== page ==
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From wrongly convicted prisoner to motivational speaker

From wrongly convicted prisoner to motivational speaker

Photographer:Fotograaf: 400 letters from my mother - Joseph Oubelkas

There is a rare moment of intense silence during the Inkom in the lecture hall of Business and Economics when author and motivational speaker Joseph Oubelkas shows pictures of a Moroccan jail. It’s not unlike the one he spent 1,637 days in after being unjustly convicted for smuggling drugs. Men are sleeping on the floor of a dirty cell – and even on the toilet – packed upon one another. “And in the pictures you don’t see the cockroaches, you don’t smell the indescribable stench,” Oubelkas adds.

Child of a Dutch mother and Moroccan father, Oubelkas grew up in a bilingual (French and Dutch) household in Raamsdonkveer – a small village in the south of the Netherlands. “My life was going great, until 23 December 2004.” That morning, Oubelkas, who worked in Morocco on behalf of a client for his IT company, arrives at an office for a business meeting, only to find policemen with shotguns. “I asked what was going on. A policeman took me to two white vans filled with brown packages. ‘You know what that is?’ he said, ‘8,000 kilos of drugs’.”

Oubelkas is asked to show his passport and to come down to the station to answer some questions. “I thought I was helping them with their investigation, like on CSI, so of course I said yes.” To his surprise, he had to stay the night. “It’s all procedure, they said. Yet, they kept me in day after day. Suddenly they started talking about my case. What case, I thought.” When, after weeks of uncertainty, he’s brought to court, Oubelkas is convicted to ten years imprisonment for drugs smuggling. The fact that the evidence is easily refutable means nothing to the judge. Even an independent report from a Dutch lawyer doesn’t help. “I said to myself: ‘I know I’m innocent and the people who love me know. I realized the system was designed to destroy you as a person and I refused to let that happen to me. Attitude is everything.”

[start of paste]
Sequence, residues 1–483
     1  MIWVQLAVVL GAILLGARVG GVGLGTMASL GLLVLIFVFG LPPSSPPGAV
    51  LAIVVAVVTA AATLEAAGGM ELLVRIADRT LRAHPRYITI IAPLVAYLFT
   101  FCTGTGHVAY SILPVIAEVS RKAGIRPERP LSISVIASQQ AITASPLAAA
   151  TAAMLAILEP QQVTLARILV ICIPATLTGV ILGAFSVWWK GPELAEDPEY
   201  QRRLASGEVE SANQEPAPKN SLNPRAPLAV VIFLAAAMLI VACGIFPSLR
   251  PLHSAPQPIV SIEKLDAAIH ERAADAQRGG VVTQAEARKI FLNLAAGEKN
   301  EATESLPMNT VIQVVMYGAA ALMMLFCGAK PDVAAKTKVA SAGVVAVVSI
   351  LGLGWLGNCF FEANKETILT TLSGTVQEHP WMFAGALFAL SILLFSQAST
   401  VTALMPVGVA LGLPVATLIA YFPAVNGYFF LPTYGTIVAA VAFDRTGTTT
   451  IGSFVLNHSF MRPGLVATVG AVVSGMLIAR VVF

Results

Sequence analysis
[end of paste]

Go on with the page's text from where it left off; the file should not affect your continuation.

Supported by his mother – whose uplifting letters full of life lessons will help him through his bad days – Oubelkas starts to set goals for himself. “I decided I wanted to leave that place with all my own teeth. So three times a day I stood in that filthy bathroom and I brushed and flossed my teeth cautiously. My second goal was to interact with my inmates. This meant learning Arabic, slowly, without books.” Oubelkas continues to build a world within the prison; he teaches English to other inmates, befriends the guards, works in the prison shop and even keeps a small garden in the courtyard. After 4.5 years, he’s transferred to the Netherlands to finish the rest of his sentence. Here, he’s released.

“I was almost 30 and I had no job, no home, and no relationship. Nobody was waiting for me, but I realized that nobody is ever waiting for anyone. You have to go out there and present yourself.” Oubelkas wrote a book about his experiences – 400 letters from my mother – and now goes around the world telling people about what it has brought him. He took her life lessons to heart and never became resentful. “Whenever I couldn’t sleep in prison I would sit by the window, re-read my mother’s letters and fantasize about my life once I got out. Never could I have imagined it would be as great as it is today.”

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